Fighting words Words that "by their very utterance inflict injury or tend to incite an immediate breach of peace." Fighting words are not subject to the restrictions of the First Amendment
Writs of habeas corpus Petition requesting that a judge order authorities to prove that a prisoner is being held lawfully and that allows the prisoner to be freed if the government's case does not persuade the judge. Habeas corpus rights imply that prisoners have a right to know what charges are being made against them
Bill of attainder A law declaring an act illegal without judicial trial
Fourth Amendment Part of the Bill of Rights that reads: " The right of the people to be secure in their persons, houses, papers, and effects, against unreasonable searches and seizures, shall not be violated, and no Warrants shall issue, but upon probable cause, supported by Oath or affirmation, and particularly describing the place to be searched, and the persons or things to be seized."

Section 5

Question Answer
Fifth Amendment Part of the Bill of Rights that imposes a number of restrictions on the federal government with respect to the rights of persons suspected of committing a crime. It provides for indictment by a grand jury and protection against self-incrimination, and prevents the national government from denying a person life, liberty, or property without the due process law. It also prevents the national government from taking property without just compensation
Miranda v. Arizona (1966)A landmark Supreme Court ruling holding that the Fifth Amendment requires individuals arrested for a crime to be advised of their right to remain silent and to have a counsel present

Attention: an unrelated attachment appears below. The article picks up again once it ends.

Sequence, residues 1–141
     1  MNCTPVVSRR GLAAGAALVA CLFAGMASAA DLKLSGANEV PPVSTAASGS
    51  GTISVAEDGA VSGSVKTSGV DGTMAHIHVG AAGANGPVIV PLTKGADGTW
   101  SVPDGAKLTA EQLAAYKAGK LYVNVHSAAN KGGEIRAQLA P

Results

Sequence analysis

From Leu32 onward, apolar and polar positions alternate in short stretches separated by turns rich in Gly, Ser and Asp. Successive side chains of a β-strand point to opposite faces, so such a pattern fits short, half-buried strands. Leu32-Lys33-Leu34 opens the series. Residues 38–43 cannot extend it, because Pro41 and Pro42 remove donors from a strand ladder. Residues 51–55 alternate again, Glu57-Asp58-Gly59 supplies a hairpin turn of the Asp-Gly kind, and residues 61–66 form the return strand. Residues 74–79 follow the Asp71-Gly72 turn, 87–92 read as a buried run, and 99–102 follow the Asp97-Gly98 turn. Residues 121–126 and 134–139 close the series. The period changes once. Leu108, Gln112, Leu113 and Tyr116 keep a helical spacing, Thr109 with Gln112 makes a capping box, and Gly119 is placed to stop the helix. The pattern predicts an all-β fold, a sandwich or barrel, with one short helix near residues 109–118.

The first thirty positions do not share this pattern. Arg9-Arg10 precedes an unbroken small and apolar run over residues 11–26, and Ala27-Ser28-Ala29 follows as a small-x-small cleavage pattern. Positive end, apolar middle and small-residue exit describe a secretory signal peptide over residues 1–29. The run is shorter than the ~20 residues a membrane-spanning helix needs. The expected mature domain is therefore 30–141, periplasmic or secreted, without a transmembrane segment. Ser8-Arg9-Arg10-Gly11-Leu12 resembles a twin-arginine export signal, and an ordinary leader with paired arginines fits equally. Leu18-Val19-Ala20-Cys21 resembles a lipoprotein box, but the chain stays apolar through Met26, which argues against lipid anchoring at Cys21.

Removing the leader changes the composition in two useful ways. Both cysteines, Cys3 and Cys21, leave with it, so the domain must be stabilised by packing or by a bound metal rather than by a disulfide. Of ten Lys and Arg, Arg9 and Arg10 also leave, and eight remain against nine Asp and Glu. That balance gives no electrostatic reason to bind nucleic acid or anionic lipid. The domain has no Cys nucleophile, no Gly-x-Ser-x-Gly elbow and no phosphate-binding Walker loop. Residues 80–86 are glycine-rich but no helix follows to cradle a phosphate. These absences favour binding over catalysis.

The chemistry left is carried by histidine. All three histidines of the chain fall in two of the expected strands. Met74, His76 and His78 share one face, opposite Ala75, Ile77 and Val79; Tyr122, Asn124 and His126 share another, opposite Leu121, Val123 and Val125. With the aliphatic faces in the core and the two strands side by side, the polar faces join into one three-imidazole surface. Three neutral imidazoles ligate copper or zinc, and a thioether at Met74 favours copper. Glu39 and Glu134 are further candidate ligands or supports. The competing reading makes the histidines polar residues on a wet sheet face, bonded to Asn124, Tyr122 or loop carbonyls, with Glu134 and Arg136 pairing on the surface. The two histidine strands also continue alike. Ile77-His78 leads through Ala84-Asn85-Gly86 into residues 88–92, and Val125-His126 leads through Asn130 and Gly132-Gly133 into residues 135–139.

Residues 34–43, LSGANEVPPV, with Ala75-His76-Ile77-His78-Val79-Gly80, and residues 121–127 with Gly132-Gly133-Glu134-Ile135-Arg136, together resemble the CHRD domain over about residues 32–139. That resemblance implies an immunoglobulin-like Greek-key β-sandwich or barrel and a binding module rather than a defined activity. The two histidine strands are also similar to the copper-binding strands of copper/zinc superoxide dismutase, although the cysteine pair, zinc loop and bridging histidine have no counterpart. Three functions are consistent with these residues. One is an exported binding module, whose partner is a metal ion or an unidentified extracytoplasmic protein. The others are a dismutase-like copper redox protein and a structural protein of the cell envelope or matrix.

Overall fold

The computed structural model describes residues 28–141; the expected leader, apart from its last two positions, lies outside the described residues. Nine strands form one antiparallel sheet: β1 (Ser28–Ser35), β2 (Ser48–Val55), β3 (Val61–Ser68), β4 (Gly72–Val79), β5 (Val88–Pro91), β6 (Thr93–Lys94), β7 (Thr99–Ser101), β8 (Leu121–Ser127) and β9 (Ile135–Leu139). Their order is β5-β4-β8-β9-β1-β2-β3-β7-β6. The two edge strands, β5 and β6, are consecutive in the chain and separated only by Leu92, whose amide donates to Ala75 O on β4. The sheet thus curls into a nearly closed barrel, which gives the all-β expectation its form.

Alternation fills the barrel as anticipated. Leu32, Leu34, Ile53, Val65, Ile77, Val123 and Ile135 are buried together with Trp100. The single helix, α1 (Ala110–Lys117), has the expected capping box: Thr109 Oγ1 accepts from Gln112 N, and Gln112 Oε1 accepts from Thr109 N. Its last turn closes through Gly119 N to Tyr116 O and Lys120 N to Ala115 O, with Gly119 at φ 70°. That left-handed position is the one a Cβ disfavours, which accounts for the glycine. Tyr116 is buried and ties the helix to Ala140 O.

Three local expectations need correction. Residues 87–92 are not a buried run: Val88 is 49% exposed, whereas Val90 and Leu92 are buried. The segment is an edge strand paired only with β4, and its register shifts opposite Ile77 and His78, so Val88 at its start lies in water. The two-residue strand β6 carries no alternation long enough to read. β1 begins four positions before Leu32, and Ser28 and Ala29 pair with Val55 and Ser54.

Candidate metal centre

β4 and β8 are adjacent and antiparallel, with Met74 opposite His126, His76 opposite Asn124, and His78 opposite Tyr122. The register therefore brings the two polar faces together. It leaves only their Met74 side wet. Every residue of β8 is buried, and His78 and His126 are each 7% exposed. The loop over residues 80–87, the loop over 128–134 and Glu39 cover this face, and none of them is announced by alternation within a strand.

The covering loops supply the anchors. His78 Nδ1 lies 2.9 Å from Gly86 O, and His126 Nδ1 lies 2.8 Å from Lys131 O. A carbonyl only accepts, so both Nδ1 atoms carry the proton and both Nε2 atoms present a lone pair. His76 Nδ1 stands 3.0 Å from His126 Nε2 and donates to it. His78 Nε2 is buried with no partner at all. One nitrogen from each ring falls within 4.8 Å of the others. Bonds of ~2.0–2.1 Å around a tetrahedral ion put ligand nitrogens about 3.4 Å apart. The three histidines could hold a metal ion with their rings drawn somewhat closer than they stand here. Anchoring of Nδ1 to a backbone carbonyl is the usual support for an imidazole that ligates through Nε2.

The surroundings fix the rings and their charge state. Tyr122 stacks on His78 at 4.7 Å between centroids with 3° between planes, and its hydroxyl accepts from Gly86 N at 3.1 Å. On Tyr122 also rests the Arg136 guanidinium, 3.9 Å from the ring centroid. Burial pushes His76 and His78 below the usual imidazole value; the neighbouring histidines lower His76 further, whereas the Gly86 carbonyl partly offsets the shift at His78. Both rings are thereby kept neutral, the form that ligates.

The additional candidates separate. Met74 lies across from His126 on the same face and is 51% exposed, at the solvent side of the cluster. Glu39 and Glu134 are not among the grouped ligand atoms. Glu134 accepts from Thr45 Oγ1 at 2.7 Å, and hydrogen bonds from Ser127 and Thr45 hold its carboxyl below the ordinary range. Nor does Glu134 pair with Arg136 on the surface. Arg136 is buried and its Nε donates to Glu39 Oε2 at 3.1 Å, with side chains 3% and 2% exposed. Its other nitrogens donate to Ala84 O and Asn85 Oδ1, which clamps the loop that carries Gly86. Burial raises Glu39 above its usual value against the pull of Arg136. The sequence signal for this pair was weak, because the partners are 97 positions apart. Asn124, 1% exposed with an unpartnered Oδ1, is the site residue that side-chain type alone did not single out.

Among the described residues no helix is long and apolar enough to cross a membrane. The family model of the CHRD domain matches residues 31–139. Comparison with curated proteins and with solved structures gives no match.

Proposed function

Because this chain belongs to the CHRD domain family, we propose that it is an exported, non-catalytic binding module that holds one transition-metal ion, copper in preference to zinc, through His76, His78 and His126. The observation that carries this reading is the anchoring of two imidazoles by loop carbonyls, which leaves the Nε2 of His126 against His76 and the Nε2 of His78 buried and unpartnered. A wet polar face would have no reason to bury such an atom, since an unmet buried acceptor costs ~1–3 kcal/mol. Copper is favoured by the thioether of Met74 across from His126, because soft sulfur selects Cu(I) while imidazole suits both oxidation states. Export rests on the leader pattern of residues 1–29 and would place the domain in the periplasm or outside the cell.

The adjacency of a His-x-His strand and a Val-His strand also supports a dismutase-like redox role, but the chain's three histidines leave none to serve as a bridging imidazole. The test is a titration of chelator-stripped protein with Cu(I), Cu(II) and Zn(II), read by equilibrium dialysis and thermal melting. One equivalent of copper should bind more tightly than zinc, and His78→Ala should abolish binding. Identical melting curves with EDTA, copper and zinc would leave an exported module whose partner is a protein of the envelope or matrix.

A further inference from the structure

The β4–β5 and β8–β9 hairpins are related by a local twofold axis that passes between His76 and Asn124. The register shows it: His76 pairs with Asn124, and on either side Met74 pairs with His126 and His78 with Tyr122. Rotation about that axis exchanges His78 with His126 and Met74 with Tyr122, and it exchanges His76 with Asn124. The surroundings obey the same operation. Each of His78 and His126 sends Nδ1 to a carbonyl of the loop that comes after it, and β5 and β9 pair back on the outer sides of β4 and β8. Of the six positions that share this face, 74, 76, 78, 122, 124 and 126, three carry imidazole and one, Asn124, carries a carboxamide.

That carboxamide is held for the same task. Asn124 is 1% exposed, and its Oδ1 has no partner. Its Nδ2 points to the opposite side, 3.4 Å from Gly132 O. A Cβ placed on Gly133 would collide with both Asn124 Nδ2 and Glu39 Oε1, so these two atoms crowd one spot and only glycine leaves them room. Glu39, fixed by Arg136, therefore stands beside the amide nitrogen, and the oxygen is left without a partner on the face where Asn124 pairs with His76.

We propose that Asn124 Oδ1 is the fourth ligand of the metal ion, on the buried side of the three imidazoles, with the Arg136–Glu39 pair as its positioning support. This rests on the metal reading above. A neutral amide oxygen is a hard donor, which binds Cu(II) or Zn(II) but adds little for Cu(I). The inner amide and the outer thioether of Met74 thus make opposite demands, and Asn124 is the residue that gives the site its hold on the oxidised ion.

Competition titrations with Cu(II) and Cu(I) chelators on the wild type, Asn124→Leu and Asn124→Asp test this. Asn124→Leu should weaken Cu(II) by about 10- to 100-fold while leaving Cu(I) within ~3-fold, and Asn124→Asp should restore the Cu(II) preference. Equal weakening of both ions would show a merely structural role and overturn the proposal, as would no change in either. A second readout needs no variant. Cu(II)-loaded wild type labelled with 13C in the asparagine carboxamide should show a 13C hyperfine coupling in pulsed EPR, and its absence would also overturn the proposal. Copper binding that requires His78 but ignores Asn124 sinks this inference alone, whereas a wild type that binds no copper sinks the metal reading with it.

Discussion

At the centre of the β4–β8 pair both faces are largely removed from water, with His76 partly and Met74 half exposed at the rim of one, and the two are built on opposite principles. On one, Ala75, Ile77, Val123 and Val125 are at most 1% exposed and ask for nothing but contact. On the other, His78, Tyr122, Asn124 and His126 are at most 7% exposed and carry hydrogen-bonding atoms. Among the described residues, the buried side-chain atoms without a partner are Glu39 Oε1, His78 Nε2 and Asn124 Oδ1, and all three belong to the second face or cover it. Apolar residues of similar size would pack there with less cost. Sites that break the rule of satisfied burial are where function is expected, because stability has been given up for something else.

Miranda rightsStatements required of police that inform a suspect of his or her constitutional rights protected by the Fifth Amendment, including the right to an attorney provided by the court if the suspect cannot afford one
Double jeopardy clause Part of the Fifth Amendment that protects individuals from being tried twice for the same offense in the same jurisdiction
Exclusionary rule Judicially created rule that prohibits police form using illegally seized evidence at trial
Sixth Amendment Part of the Bill of Rights that sets out the basic requirements of procedural due process for federal courts to follow in criminal trials. These include speedy and public trials, impartial juries, trials in the state where the crime was committed, notice of the charges, the right to confront and obtain favorable witnesses, and the right to counsel
Eight Amendment Part of the Bill of Rights that states: "Excessive bail shall not be required, nor excessive fines imposed, nor cruel and unusual punishments inflicted

Section 6

Question Answer
Right to privacy The right to be left alone; a judicially created principle encompassing a variety of individual actions protected by the penumbras cast by several constitutional amendments, including the First, Third, Fourth, Ninth, and Fourteenth Amendments
Roe v. Wade (1973) The Supreme Court found that a women's right to an abortion was protected by the right to privacy that could be implied from specific guarantees found in the Bill of Rights applied to the states through the Fourteenth Amendment